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Master CP - Training Gear or No?

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Master CP - Training Gear or No?

Old 04-18-2014, 06:55 PM
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Default Master CP - Training Gear or No?

I am a fairly good (intermediate level?) pilot of FP Helis. I have a Master CP that I wish to transition to.

I added training gear, and on my first "flight", trying to scoot around on asphalt, the heli immediately rotated over the forward training gear balls and sanded the blades on the asphalt. In retrospect, I had wiggled the cyclic to test tx-rx connection before trying to lift up - I since read that with FBL birds, that can leave the servos locked at limits - the swash was definitely tilted forward after I removed power. It was quite level when I tested it on the bench (with rotor power disconnected.)

On the second "flight", I discovered I had insufficient downward pitch when a gust of wind lifted the heli and tilted it to the right, despite my having pulled the throttle to min. I since changed the low end pitch on "Normal" flight mode to give a little negative pitch. The blades got a few tenths of millimeters shorter again.

The third flight, the heli wanted to tilt forward again, rotating on the the forward balls of the training gear. No contact this time since the additional negative pitch let me pull it back level on the ground, but I'm still not able to make a clean launch to a low hover.

On the test stand, the bird will tilt according to the cyclic just fine.

I am tempted to remove the training gear and move to grass - and let the crashes happen if the bird does not respond in Normal flight mode similar to an FP. At present, the throttle and pitch curves are set to some recommended "beginners" settings, with restricted ranges. Cyclic axes have no restrictions.

Eqmnt: Master CP and Devo 10.

Experience: WLToys V911, and V912, with which I am proficient enough to crash only when trying a new stunt, like flying through a box (V911) or the wind gusts and I lose some control of the V912 - which is almost identically the same size as the Master CP.

What are the thoughts about removing the training gear? Are CP helis in "NORMAL flight" mode REALLY that much different than FP helis? If so, how so?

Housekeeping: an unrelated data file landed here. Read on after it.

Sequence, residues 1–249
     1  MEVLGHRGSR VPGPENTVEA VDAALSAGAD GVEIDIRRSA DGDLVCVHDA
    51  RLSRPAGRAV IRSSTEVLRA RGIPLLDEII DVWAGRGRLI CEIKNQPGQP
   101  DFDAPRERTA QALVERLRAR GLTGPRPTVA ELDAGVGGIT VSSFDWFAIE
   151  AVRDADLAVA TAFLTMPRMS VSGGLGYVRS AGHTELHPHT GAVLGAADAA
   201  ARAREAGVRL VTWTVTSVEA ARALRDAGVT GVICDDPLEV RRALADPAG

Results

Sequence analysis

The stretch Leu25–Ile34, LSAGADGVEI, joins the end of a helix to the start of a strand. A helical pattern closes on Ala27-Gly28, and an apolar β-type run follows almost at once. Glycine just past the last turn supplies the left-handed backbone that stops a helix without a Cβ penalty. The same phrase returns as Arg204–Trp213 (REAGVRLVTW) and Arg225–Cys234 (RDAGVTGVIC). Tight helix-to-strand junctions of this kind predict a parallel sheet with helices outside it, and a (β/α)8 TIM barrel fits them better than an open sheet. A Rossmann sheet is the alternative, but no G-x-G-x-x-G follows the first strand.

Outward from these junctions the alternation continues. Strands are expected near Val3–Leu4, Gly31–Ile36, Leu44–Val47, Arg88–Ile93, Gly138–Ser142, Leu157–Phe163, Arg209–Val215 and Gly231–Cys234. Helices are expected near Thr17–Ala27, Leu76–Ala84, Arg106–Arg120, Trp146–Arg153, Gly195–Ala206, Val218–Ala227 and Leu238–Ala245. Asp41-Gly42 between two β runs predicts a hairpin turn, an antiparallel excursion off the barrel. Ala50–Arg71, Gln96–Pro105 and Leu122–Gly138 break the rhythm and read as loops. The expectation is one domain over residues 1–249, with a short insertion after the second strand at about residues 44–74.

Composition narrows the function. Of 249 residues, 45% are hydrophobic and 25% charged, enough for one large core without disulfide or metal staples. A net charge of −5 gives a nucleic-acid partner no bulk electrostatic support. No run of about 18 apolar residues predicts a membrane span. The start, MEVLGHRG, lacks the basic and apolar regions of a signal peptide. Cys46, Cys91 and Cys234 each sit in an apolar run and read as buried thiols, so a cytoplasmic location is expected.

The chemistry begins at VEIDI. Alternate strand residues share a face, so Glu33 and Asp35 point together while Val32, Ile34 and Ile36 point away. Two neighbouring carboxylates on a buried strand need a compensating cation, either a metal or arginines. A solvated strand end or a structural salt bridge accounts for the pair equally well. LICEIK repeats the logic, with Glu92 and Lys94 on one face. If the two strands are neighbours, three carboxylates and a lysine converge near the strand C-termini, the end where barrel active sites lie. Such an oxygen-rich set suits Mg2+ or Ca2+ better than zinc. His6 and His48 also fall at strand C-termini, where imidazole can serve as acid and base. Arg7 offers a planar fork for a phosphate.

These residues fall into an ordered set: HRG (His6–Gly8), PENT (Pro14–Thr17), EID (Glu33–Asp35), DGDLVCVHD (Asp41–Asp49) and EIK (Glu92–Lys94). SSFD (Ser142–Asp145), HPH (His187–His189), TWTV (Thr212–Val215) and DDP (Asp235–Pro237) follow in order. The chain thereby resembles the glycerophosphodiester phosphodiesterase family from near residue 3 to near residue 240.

Thanks for any help.
Old 04-22-2014, 04:43 PM
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Follow-up: Taking hints from a few things I have read, I decided to give up"scooting" the Master CP around on its training gear and try a direct take-off from grass.

It lifted fairly well, and was generally controllable, except that it seemed to struggle with the weight and rotational inertia of the training gear. Then, after a minute or so of hovering at about 1-2 feet, it started oscillating in roll and pitch axes with NO control inputs. Landing was accomplished without crash only because the training gear rotated the chopper to upright in a very awkward touch-down.

So, my conclusion is that training gear is NOT compatible with the 6-axis stabilization in the Master CP - the loop gain or time constants are NOT able to handle the additional rotational inertia of the training gear.

My second conclusion is that, despite all the dire warnings that CP is a huge step from FP - e.g. that "everything" I learned flying FP needs to be forgotten and relearned for CP - may be over-blown for "Normal Flight" mode. Of course, stunt mode and 3-D flying is obviously going to be a whole different world - one which I plan to attack on a simulator. In the mean time, I am excited to start practicing normal mode flying with a "beginner's CP" to experience how the 6-axis stabilization is going to make precision flying more fun. My base for comparison is the WL Toys V912 - which is almost identically the same size, but has only yaw stabilization and judging from battery specs, about 1/2 the power of the Master CP.

Of course, once I get more than 60 seconds of air time, I may have to retract all optimistic attitudes.

Please temper all my conclusions with the fact that I am still posting noobie questions.


Last edited by Hedgewarden; 04-22-2014 at 04:46 PM. Reason: Clarification
Old 07-13-2014, 08:55 AM
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Fixed Pitched (FP) Helicopters are designed with only (2) servos to control cyclic movements. With a Collective Pithed (CP) Helicopter, there are (3) servos that control the cyclic movement. The extra servo controls the PITCH of the blades on the helicopter. So, the design is totally different as adjustments to the cyclic servos have to be made properly before flying. If you have a crash, linkages and servos must be replaced. A defective cyclic servo can cause more problems when flying. An improperly ball linkage can cause instability and poor blade tracking causing power loss when throttling the helicopter up.

Essentially both FP and CP Helicopters fly the same in NORMAL Mode. CP Helicopters have a STUNT Mode as the architecture allows for negative PITCH on the blades achieved through the PITCH Servo (Third Servo). Consider a digital pitch gauge to balance the PITCH of your blades on the Walkera Master CP. Align sells the AP-800 Digital Pitch Gauge and TAROT sells a lower cost brand.


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